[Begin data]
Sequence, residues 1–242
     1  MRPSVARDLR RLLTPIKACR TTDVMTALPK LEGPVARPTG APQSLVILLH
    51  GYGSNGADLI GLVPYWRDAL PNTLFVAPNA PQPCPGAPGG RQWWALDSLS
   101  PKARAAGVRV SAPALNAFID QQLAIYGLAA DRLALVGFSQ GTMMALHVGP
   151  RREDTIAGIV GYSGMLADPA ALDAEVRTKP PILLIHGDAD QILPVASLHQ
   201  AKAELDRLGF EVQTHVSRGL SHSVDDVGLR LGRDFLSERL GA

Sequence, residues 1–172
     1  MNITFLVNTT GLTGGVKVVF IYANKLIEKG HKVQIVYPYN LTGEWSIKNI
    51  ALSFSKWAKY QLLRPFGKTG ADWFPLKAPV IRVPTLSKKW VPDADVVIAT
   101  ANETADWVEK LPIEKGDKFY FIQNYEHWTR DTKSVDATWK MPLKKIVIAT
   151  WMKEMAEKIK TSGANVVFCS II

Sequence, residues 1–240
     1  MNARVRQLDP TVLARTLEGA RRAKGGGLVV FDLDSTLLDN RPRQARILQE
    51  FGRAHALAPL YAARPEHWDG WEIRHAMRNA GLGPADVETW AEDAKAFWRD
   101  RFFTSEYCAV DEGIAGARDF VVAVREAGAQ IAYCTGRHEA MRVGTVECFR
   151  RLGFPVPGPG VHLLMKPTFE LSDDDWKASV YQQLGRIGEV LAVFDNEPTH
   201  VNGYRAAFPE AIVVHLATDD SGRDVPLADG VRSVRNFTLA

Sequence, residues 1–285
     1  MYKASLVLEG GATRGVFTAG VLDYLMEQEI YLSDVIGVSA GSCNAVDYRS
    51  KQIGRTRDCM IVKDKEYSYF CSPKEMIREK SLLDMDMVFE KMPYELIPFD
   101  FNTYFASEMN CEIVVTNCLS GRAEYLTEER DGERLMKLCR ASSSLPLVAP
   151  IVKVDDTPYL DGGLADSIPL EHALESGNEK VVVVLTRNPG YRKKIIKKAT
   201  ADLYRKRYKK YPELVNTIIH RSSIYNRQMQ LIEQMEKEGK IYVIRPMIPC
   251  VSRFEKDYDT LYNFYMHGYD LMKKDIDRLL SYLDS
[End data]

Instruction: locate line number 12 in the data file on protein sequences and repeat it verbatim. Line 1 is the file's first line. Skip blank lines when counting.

Sequence, residues 1–240